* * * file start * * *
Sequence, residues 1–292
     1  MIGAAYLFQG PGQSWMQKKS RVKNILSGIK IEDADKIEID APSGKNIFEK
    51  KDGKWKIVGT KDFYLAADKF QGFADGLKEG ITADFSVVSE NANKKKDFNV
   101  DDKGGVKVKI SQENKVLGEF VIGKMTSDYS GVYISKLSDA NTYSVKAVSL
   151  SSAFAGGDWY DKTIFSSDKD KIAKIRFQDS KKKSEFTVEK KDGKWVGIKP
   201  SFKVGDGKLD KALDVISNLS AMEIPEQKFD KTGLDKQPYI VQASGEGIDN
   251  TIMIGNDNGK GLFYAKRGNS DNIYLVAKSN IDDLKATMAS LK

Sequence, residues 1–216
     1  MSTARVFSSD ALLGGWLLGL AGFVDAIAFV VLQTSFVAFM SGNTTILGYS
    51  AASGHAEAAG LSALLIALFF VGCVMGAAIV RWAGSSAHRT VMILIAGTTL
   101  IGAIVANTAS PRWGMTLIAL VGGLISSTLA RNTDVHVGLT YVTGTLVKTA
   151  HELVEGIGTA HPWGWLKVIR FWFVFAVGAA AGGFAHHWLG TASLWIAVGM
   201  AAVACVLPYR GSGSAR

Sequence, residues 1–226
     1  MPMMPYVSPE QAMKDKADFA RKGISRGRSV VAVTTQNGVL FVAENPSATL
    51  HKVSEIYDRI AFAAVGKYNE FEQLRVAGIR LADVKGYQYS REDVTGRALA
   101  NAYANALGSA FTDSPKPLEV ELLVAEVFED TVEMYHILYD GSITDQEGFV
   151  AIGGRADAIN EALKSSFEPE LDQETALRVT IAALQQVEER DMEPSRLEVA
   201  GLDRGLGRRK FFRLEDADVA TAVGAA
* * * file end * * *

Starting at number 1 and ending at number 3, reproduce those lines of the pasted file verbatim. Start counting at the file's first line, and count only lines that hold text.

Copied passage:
Sequence, residues 1–292
     1  MIGAAYLFQG PGQSWMQKKS RVKNILSGIK IEDADKIEID APSGKNIFEK
    51  KDGKWKIVGT KDFYLAADKF QGFADGLKEG ITADFSVVSE NANKKKDFNV